Helmingham Hall – Plant Heritage Spring Plant Fair

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Things to do


Date of travel

May, 2016

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Out of the blue – literally – clouds rolled up yesterday and deluged mid-Suffolk. One of the ancient oaks at Helmingham was struck by lightning and blazed through the night. Hardly auspicious for a public event carefully watched over by security services following the Manchester atrocity. By morning, however, it was a spring day as at the beginning of the world.

As volunteers to meet and greet we were advised to arrive more than usually early, and did so. No evidence of security measures meant we were free to spend an hour with the stall holders, as long as we didn’t get in their way, and buying plants from them has never been in their way. With a work-shift from 10 am to 11.30 we were grateful for the plant creche, and only too happy to start off the voluntary collection for the benefit of Suffolk Plant Heritage. A tall fern, several slender grasses, an astrantia and some creeping thyme quickly joined the free fuchsia, to which were added later half a dozen herbs.

Meeting and greeting gives an opportunity for making concrete music – if only we had a recording machine. How many different ways can you say “Welcome, here’s a plan of the site and there’s a free fuchsia for you in the Plant Heritage marquee”? After several versions it seemed worthwhile to think how they could all be overlaid in an electronic composition played at different speeds both backwards and forwards. We must ask a musician friend’s student son to work on the idea.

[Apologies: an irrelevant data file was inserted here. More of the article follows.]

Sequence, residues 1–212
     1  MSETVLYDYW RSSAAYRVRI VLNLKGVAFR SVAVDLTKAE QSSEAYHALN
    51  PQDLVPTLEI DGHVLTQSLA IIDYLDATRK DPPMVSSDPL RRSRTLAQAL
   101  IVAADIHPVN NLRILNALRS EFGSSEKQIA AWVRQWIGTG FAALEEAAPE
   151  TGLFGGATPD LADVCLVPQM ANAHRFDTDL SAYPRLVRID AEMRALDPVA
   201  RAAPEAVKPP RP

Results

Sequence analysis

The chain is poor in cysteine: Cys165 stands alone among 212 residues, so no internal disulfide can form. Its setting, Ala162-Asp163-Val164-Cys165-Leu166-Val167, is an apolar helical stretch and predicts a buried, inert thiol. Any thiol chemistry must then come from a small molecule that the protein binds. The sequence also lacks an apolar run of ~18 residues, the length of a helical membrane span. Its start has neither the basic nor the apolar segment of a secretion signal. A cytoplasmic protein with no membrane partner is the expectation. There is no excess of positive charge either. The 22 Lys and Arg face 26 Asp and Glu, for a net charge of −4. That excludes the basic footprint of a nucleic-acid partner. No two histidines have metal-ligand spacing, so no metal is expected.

Apart from stuffing adverts for the autumn fair into the site plan, directing people to the portaloos and/or food, plus telling parents there were activities for children, we also had a chance to assess the various ages of the visitors. Silver travellers were in plentiful supply, sometimes it seemed as grandchild wardens. It was also good to see how many young couples attend. Gardening is a thriving activity and interest has in no way been diminished by the concentration of programmes on the Chelsea Flower Show.

It is of course a more leisurely way of seeing some Chelsea medallists, as well as hear a talk by Lady Tollemache, a gold medallist herself and recipient of a recent award for work in the historic gardens at Helmingham. She is now delighted to be able to spend her days in the gardens then go home to a modern house in the village, leaving the Hall and its splendours – plus problems – to the next generation. She was the first speaker of the day and was followed by a number of other experts.

The fair also encompasses crafts and antiques or byegones. There is a portable dance floor for those who have the energy; the Colchester brass band was due to perform for a sedentary audience and there were a treasure hunt and craft activities for children. Access to the gardens was within the cost of the fair. What more could be desired?


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